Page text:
Makeup color for blue dress

You have to have a certain kind of fearlessness and courage to say, You know wnat? We’re going to have to move forward and make changes and also stay true to who we want to be.’ -Kiran looks unassuming, except for the blooming flowers that punctuate the otherwise industrial neighborhood.

But the flowers are a hint of what’s behind the front doors. This is hallowed ground to beauty lovers: It once housed the humble headquarters of Horst Rechelbacher’s Ayurvedic-inspired beauty product line, Aveda. And once Rechelbach-erknown simply as Horst in Minneapolis, a mononym on par with Beyonce, but of the beauty world sold his naturally luxe line to Estee Lauder for a reported cool $300 million, it became the headquarters for his next, even more ambitious, undertaking: Intelligent Nutrients.

IN became his life’s passion, even though, financially speaking, he no longer had to work. Believing he could top himself in the safe-but-sexy sphere, he developed a USDA-certified organic beauty company, creating food-grade beauty products that were as kind to the earth as they were to wrinkles. He was even known to prove it by drinking the hairspray at press events.

Horst had a legacy even before he left this world. Regarded as a sort of Willy Wonka-meets-Steve Jobs of the hairdressing set, his eccentric personality and often futuristic ideas and practices squarely placed Minneapolis and Minnesota on the

Intelligent Nutrients HQ houses a salon that feels ultra-luxe; Kiran and Nicole in front of their growing empire.

Kiran modeled for Horst in the Aveda days; Horst and Nicole share a moment; Horst as art.

He was always striving to be better, and we’re continuing that. We can do better. We don’t ever want to get stagnant. We want to be innovative and true to who we are. -Nicole international style and beauty scene. His pronouncements could be equal parts charming, enlightening and feather-ruffling: Horst’s passion kept him endearingly filterless. So his death at 72 from pancreatic cancer felt like a cruel irony, one which left many wondering: What now?

Enter his partner of more than a quarter-century, Kiran Stordalen, and his daughter from a previous marriage, Nicole Thomas-Rechelbacher.

Cancer is a horrible disease, and in Horst’s case, it was a particularly devastating diagnosis, Kiran says, sitting at a table near the retail floor at the IN HQ. But it really afforded us an opportunity to transitiona little bit of time and breathing space to gain perspective and think about the next steps… Horst recognized that while it is a privilege and an opportunity to have a business like thisand he felt strongly about that it’s also work, and it’s not an easy undertaking. And he wanted us to do it our way.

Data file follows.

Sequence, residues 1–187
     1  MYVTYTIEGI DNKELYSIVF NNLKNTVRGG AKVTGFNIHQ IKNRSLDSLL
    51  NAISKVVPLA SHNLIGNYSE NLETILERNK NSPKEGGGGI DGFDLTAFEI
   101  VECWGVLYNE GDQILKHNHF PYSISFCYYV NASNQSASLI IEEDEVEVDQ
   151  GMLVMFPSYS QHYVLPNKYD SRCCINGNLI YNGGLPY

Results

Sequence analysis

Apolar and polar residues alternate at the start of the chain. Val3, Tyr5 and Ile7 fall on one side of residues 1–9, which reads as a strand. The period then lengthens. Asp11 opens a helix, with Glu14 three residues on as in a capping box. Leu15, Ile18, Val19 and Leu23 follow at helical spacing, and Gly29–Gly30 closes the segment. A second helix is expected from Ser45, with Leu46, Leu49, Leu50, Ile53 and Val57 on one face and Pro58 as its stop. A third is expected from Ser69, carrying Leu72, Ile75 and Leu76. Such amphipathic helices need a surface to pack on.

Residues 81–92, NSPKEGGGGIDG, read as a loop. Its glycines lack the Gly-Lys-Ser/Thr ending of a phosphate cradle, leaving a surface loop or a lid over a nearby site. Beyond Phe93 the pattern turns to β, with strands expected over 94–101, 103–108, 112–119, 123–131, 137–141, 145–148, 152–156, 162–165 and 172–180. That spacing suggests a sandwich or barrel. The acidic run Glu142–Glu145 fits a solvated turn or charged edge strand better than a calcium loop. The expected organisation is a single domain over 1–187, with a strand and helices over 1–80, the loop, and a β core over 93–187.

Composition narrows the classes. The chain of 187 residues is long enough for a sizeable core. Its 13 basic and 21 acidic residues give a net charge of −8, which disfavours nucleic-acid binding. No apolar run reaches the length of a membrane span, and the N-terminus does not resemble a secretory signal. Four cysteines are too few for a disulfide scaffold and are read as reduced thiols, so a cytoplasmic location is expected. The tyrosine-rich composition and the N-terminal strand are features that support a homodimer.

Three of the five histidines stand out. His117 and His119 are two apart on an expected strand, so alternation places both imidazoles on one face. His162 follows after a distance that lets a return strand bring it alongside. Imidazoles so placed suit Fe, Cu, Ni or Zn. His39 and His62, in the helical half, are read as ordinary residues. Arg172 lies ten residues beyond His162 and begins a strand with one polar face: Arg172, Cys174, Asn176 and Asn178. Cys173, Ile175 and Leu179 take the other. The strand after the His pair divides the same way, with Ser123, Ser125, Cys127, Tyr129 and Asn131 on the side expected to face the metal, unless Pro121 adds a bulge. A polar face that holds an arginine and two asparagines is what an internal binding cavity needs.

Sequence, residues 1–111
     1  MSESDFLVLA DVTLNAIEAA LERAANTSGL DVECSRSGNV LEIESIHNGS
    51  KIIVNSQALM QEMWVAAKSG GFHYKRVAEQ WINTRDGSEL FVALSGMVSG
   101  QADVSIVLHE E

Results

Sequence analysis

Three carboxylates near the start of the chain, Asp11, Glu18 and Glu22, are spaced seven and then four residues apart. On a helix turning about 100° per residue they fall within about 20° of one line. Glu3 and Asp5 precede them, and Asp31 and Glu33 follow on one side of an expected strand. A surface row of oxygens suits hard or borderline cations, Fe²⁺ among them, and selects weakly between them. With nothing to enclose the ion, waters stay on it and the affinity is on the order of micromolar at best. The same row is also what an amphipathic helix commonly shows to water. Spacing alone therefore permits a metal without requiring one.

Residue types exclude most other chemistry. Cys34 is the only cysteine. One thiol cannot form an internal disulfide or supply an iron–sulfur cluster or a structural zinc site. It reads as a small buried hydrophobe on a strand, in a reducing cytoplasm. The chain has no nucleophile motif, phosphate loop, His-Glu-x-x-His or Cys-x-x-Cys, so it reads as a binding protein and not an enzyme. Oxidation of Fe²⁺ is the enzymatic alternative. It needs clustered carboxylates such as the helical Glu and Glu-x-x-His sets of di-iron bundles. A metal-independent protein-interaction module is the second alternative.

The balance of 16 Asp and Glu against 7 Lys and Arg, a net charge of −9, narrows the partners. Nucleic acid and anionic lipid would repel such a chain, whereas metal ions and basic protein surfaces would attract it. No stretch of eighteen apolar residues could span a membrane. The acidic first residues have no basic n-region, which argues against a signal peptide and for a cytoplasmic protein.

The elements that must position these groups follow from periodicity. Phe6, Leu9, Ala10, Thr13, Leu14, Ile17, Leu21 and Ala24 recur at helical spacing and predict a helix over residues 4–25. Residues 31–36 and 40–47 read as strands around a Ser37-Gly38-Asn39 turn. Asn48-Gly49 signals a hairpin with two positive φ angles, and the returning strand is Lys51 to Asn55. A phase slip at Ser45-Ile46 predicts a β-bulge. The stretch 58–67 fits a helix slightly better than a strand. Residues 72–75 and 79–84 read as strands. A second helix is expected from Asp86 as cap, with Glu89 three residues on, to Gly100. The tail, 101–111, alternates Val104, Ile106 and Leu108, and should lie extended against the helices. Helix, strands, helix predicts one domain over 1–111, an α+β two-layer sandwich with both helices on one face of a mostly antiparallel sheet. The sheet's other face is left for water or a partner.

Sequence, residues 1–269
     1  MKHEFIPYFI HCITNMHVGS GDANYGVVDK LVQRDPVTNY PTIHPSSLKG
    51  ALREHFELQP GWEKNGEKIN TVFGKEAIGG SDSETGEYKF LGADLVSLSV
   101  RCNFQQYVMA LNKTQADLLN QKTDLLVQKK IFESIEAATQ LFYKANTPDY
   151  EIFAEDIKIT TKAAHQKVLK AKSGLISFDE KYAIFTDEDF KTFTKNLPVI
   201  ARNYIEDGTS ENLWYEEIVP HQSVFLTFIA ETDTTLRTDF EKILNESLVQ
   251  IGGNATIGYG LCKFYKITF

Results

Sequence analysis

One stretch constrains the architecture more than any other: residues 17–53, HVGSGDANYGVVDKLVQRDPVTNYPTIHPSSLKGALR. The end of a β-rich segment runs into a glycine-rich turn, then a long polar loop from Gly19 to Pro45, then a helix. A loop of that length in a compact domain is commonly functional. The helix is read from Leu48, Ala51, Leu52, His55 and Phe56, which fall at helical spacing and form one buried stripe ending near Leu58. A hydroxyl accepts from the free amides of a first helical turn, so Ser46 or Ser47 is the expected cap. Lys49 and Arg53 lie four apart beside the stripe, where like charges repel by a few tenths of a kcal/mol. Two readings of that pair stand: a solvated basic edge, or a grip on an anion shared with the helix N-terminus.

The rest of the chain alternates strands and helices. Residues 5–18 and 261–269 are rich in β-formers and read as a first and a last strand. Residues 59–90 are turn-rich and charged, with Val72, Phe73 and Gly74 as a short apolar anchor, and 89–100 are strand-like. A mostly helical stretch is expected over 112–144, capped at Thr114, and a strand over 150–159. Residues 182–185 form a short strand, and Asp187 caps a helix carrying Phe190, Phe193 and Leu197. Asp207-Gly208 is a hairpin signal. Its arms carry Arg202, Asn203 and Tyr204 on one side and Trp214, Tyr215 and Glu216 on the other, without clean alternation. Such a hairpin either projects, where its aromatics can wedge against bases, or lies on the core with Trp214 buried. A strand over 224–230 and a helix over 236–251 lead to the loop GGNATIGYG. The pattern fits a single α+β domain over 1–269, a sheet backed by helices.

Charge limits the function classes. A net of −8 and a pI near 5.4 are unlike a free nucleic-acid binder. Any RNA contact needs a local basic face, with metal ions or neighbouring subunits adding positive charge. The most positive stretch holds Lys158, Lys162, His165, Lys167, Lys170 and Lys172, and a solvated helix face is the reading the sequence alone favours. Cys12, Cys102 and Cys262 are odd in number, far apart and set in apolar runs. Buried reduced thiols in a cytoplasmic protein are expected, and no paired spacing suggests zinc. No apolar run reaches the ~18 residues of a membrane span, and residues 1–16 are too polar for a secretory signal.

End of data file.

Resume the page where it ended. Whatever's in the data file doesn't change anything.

Nicole, mother of three, says Horst even warned her about the amount of time and energy the business would take, but she was undeterred:

This is bred in me, she says over an aromatic margarita the glass literally spritzed with the company’s perfumeconcocted by mixologist Nate Uri, who developed a menu of re-invented classic cocktails to complement the scents and now tends bar in the headquarters on Thursday and Friday nights. This is in my soul. Watching my dad on his journey of leaving his body through cancerthat was hard. But it would have also been hard to lose IN, too. Besides, warnings or not, both women knew the magnitude of the task. Loving the ultra-famous hair guru gave them the insight that while Horst was perhaps a visionarya term, Kiran says, he may have been flattered by but would have deflectedhe was also a seeker of truth and education, which, as he told them, you only achieve the hard way: doing the work. Both women had accompanied Horst on the road for his sourcing trips, meditated in ashrams in India, maintained the organic farm in Osceola, Wisconsinthe whole gamut. In fact, Nicole recalls her youth and the rise of Aveda as enmeshed, inseparable.

These little things we do every daythe vanity of beautycan make a difference.

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